A few days ago, I received an email from one of our NetDocuments clients. He wanted to know: Did we know of any applications that could upload and share large files with others? My reply was this: You have NetDocuments! This led to a “teachable moment” and it is one we want to share with you this week.
The question our client asked goes to the core of a concept we all desire, particularly as most of us are working outside of our offices: collaboration. What factors go into an efficient and successful scenario that benefits co-workers, particularly those who work with people outside of their organizations?
In order to work with others to successfully produce a product (in this case, documents), three factors need to be present:
- Secure file sharing
- A means of communicating with others involved in the project
- The ability to determine the contributions made by others – a fancy way of saying “who did what”
Secure File Sharing – We’ve seen clients use a variety of applications to share files. Some are good; some are not so good. Taking this approach means users must learn yet another application. That application may or may not work with the programs users already have. Uploading and downloading files = multiple copies. Which one is the most recent, or the one we recognize as the final one? How easy or complex will it be to merge data into a master copy?
One of the major features of NetDocuments is that, when sharing files, the file remains in the user’s NetDocuments repository. People granted access can do so within a controlled environment: View Only, View + Edit, etc. And if outside users are granted editing privileges, the edits remain in NetDocuments with the option to update a document or to be saved as a new version.
Communicating with Others Involved in the Project – Common methods of communicating with others working on a document can be via phone conference, emails, and texts. These are inefficient – phone conversations are hard to track unless detailed notes are kept. Emails may provide something of a timeline if all are carefully preserved. But they are public and subject to discovery. Let’s not even talk about texts. None of these methods are linked to the document itself and if a user goes back to the document, they cannot see evidence of the collaborative effort that went into it.
NetDocuments provides two solutions to this problem: ndThread and now ChatLink. We’ve written about these features in previous posts. ndThread provides a channel for users to comment and contribute to the drafting of a document. The thread is linked to the document. It will not show when a document is printed. It has the same security rights as that document.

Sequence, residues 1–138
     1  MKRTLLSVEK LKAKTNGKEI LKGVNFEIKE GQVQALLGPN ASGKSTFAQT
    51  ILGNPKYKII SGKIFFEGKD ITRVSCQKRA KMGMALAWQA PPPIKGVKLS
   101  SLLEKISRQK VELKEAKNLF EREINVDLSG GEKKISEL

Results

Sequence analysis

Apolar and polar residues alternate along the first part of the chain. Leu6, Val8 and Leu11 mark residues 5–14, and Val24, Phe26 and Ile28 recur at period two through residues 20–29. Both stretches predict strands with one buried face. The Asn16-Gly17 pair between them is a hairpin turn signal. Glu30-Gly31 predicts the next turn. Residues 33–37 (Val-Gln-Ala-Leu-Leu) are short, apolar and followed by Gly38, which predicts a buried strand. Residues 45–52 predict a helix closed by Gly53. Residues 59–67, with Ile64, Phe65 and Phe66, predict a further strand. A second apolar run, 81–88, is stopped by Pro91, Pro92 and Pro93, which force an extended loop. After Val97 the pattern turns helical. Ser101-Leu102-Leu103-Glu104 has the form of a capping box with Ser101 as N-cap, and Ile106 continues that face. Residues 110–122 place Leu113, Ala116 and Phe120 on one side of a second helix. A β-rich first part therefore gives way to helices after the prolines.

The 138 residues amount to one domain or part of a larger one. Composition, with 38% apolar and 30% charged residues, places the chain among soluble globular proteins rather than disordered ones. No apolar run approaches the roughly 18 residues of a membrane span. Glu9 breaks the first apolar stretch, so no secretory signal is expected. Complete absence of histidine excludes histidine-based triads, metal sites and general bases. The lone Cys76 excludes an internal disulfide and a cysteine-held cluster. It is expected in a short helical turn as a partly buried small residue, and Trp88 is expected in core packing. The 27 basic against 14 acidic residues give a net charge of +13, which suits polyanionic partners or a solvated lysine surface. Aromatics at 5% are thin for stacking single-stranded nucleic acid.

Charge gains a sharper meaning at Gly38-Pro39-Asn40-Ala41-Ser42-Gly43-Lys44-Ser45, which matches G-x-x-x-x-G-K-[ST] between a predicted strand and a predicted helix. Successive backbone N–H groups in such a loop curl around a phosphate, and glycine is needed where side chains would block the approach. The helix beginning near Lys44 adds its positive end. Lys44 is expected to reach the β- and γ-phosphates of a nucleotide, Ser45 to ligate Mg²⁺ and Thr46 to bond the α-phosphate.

Microsoft Teams has gained in popularity this year as the “go to” app for team collaboration and NetDocuments capitalized on that with their add-on called ChatLink. This enables users to continue working inside the Microsoft Teams interface with complete access to NetDocuments workspaces and conversations within ndThread. This has the advantage of capturing conversations from those Team users who do not have NetDocuments and saving them to your documents.
These features lead to the third point of identifying the contributions made by others. Using CollabSpaces to grant access to documents to those outside of an organization preserves the security of those documents, along with a log of who accessed the file, with a date and time stamp. ndThread provides a record of collaborative efforts in a logical progression. ChatLink leverages the benefits of Microsoft Teams, preserving contributions from those users. By providing access to NetDocuments directly within Teams, users can keep project and matter-related content and discussions in context of the matter without leaving Teams.
By offering these features, NetDocuments offers specific benefits to their users – one centralized place to create and manage documents and the users who contribute to those documents; centralized management – one application vs. many to support sharing and collaboration; centralized access – one place to locate a document; one search to bring up what users need to know about it; and centralized access management – one place to grant users access to documents with clearly defined access rights.
Our client was pleased to learn about the features that resided in his NetDocuments application. Do you know all of the benefits of the programs and applications you have? Our team at Crosspointe can show you haw to get the most out of what you own, particularly when you and your staff presently face unprecedented challenges in meeting your goals. Call us at 877-357-0555 or write to us at email@example.com. We’re here for you.
Dana Riel is President and Founder of Business Solutions, Inc., serving the Washington, D.C. metropolitan area since 1985. Her firm is the authorized training center for the region for Time Matters and PCLaw by PCLaw|Time Matters, PLLC; Timeslips and Peachtree Accounting by Sage Software; and QuickBooks by Intuit Corporation. As a trainer, Dana has provided training services to organizations such as the DOD Defense Logistics Agency, Judge Advocate General’s Office (JAG)/Department of the Navy, University of the District of Columbia School of Law, U.S. Department of Commerce and the U.S. Department of Veterans Affairs, as well as with small‐ to mid‐size law firms in the Baltimore‐Washington D.C. area. In 2009, she participated in the series of day‐long seminars sponsored by the District of Columbia Bar Association Practice Management Section, titled “Basic Training: Learn About Running a Law Office”. Ms. Riel also served as an Adjunct Professor in Georgetown University’s Paralegal Studies Program, having taught the course, “Legal Ethics/Legal Technology” in 2009; and “Legal Technology” for the Spring and Summer Semesters of 2010. She presently serves on the Advisory Board for PCLaw|Time Matters, PLLC.